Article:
The Minimal-Eating Observation Form—Version II (MEOF-II) is an outcome measure developed to provide the clinician with a description of subject mealtime problems and to assess the need for possible interventions (Westergren, Norberg, Vallen, & Hagell, 2011). The assessment is an interactive observation tool composed of three domains: ingestion, deglutition, and energy and appetite, and has six subscales relating to (1) the presence of unintentional weight loss; (2) body mass index (BMI) or calf circumference (CC); (3) eating problems; (4) swallowing and mouth problems; (5) energy and appetite; and (6) the indication of clinical signs. Designed as a modification to the original MEOF by Axelsson (1996), changes included the replacement of opening/closing the mouth and aberrant eating time with chewing ability and appetite (Westergren, Lindholm, Mattsson, & Ulander, 2009). During assessment the clinician notes the presence or absence of particular adverse mealtime behaviors as well as the measurement of a person’s BMI or CC if BMI is unattainable. Items on the MEOF-II may include several observations that are scored as either 0 or 2 or 0 or 1. The measure can be completed in less than 10 minutes where a higher score is suggestive of more risk.
A study of 24 inpatients, median age 69 years, found MEOF-II total score inter-rater and intra-rater reliabilities to be r = 0.92 and r = 0.84, respectively (Westergren, Torfadóttir, & Hagell. 2014). Another study found inter-rater agreement between a trained observer and less trained observers (n = 20) to be r = 0.89 when testing 50 subjects post-cerebrovascular accident where agreement ranged from 0.82 for manipulation of food on the plate and mouth to 0.94 for ability to chew and swallow (Westergren et al., 2009). The same study determined that internal consistency for the trained observer was α = 0.76 and for the less-trained observers it was 0.71 (Westergren et al., 2009). Another study found that total values were above r = 0.80 for both inter- and intra-rater reliabilities using 8 raters with no prior experience among 24 subjects (Westergren et al., 2014). A study by Vallen, Hagell, & Westergren (2011) of various patient populations (n = 33 each) found that the number of those found to be at risk were 38.2% for orthopedic, 28.1% for cardiology, and 45.4% for stroke populations. When using the BMI version its results had exact agreement of 82% with the full Mini Nutritional Assessment—Long Form (MNA), which is much longer, and when CC was used agreement was 81%. A similar examination involving 87 persons receiving inpatient care found that out of 18 undernourished patients, according to gold standard (MNA), only 13 were considered to be at high risk according to MEOF-II resulting in a sensitivity (i.e., the proportion of people correctly identified according to the 18-item MNA) of 0.61, whereas the specificity and accuracy were 79% and 68%, (Westergren, Norberg, & Hagell, 2011). Furthermore, a positive MEOF-II result for undernutrition, was associated with an 82% probability that the individual really was undernourished according to the MNA and a negative result was associated with a 57% probability that the individual really was not undernourished (Westergren, Norberg, & Hagell, 2011).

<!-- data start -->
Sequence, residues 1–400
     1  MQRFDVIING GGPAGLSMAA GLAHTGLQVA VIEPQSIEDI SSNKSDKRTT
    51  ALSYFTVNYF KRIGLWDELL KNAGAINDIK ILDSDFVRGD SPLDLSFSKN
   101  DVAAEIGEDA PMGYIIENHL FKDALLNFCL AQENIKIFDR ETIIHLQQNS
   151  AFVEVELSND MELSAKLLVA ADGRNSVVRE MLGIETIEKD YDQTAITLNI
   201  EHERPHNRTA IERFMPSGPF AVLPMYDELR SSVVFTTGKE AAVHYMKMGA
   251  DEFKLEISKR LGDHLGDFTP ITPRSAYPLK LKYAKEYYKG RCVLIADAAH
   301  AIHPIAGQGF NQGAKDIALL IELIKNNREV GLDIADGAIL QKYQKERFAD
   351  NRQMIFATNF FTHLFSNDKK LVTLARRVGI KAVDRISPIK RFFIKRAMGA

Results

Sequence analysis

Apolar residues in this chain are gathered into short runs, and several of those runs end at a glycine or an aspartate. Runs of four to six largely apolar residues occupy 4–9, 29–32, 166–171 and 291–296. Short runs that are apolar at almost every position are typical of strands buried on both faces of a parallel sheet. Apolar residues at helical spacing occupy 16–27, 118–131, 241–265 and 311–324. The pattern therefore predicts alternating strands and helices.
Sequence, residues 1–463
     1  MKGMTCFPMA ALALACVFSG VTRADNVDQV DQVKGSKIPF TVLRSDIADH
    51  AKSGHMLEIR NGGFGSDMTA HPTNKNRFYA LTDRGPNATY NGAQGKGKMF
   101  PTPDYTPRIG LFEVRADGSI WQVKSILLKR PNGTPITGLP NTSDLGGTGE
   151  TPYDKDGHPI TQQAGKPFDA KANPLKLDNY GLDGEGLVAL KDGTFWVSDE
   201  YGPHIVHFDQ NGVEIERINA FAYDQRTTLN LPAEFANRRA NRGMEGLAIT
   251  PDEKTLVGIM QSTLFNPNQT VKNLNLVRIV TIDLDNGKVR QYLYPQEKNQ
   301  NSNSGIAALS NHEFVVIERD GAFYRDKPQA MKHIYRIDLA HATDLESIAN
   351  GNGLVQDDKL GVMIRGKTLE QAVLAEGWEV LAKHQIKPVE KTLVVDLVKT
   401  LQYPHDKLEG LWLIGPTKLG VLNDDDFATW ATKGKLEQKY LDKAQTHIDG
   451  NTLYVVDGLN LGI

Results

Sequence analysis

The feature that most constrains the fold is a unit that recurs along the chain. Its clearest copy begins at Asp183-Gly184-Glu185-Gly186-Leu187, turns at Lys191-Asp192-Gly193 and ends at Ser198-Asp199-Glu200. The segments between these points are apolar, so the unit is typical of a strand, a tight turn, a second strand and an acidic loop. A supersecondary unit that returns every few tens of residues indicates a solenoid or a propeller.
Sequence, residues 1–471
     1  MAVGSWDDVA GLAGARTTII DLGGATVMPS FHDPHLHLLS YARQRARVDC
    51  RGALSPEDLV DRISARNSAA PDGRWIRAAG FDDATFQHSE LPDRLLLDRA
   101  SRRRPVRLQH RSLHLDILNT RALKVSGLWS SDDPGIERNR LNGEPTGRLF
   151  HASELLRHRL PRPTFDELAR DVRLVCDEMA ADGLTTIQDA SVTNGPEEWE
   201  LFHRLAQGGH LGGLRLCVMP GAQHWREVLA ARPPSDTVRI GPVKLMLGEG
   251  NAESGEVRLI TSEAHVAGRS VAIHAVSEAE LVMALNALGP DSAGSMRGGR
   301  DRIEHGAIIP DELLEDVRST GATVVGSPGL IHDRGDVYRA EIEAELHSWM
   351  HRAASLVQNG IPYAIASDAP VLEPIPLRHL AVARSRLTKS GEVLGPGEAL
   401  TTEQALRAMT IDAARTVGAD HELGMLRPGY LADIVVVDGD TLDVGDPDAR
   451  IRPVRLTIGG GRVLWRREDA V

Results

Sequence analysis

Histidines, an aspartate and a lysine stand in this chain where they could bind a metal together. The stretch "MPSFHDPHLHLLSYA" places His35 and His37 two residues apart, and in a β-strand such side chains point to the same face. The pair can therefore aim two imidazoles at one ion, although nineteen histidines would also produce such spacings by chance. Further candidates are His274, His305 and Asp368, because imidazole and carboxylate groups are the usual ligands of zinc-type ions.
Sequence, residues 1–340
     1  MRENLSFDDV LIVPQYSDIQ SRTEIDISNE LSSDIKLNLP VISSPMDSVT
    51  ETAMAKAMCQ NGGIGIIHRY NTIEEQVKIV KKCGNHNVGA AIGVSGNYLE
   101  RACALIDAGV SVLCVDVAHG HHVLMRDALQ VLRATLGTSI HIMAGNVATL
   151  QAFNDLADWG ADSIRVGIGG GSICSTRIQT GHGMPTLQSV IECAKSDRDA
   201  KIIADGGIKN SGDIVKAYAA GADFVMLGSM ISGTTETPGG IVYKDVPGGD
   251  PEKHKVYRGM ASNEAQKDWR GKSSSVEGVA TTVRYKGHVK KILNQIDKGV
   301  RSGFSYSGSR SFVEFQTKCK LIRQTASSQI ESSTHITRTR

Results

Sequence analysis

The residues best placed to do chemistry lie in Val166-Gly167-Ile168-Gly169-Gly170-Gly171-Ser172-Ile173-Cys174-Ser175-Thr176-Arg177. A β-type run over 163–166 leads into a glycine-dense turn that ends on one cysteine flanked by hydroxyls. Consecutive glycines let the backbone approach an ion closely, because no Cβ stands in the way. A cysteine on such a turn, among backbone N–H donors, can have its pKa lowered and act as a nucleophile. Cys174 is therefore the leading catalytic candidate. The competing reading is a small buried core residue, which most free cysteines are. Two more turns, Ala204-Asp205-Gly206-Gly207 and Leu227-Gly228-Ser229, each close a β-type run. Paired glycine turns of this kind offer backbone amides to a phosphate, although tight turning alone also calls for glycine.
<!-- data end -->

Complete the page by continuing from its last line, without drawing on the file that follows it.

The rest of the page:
The MEOF-II is an easy to use, relatively quick assessment that has shown both acceptable sensitivity and specificity in detecting undernutrition if used in the same manner as the MNA-SF (short form). For example, Vallen et al. (2011) found that it took, on average, only 8.8 minutes to complete the assessment. Administration also allows for substituting BMI with CC in situations where measures of patient height and weight cannot be easily obtained. Another advantage of using the MEOF-II compared to other quick screening tools is that it has the ability to identify actual problems for immediate intervention (Westergren, Norberg, Vallen, et al., 2011). Finally, the MEOF-II is not limited to only patient populations ≥ 65 years of age like the MNA-SF.
Differing inter- and intra-rater agreement between trained and untrained observers as well as the presence of outlier scores have been observed suggesting that instruction in performing eating observations may be required; however, the authors argue that only minimal training is needed (Westergren et al., 2009). Also, the amount of independent research (i.e., work that does not indirectly involve one of the original authors) is limited.
The MEOF-II is an interactive observational tool in which the practitioner notes the presence or absence of aberrant eating, feeding, or swallowing behaviors as well as defining a person’s BMI or CC. Each item is scored along a variable scale of 0 or 1 and yields a total score ranging from 0 to 8. A final score of 0 to 2 is considered low risk for under-nutrition, a score of 3 or 4 is a moderate risk, and a score ≥ 5 is considered a high risk for undernutrition (Valle et al., 2011).
The MEOF-II can be downloaded and used free of charge from the website listed in Contact however, the author asks that a simple form be filled out when downloading the material. Use of the MEOF-II for research or other purposes can be obtained by contacting its creators. The assessment can also found in its entirety in the following journal article:
Vallen, C., Hagell, P., & Westergren, A. (2011). Validity and user-friendliness of the Minimal Eating Observation and Nutrition Form—Version II (MEONF-II) for under-nutrition risk screening. Food and Nutrition Research, 55, 5801. doi: 10.3402/fnr.v55i0.5801
|POPULATION||Suspected malnutrition; general|
|TYPE OF MEASURE||Questionnaire/rating scale|
|WHAT IT ASSESSES||Malnutrition risk|
|TIME||< 10 minutes|
Albert Westergren, PhD
Kristianstad University School of Health and Society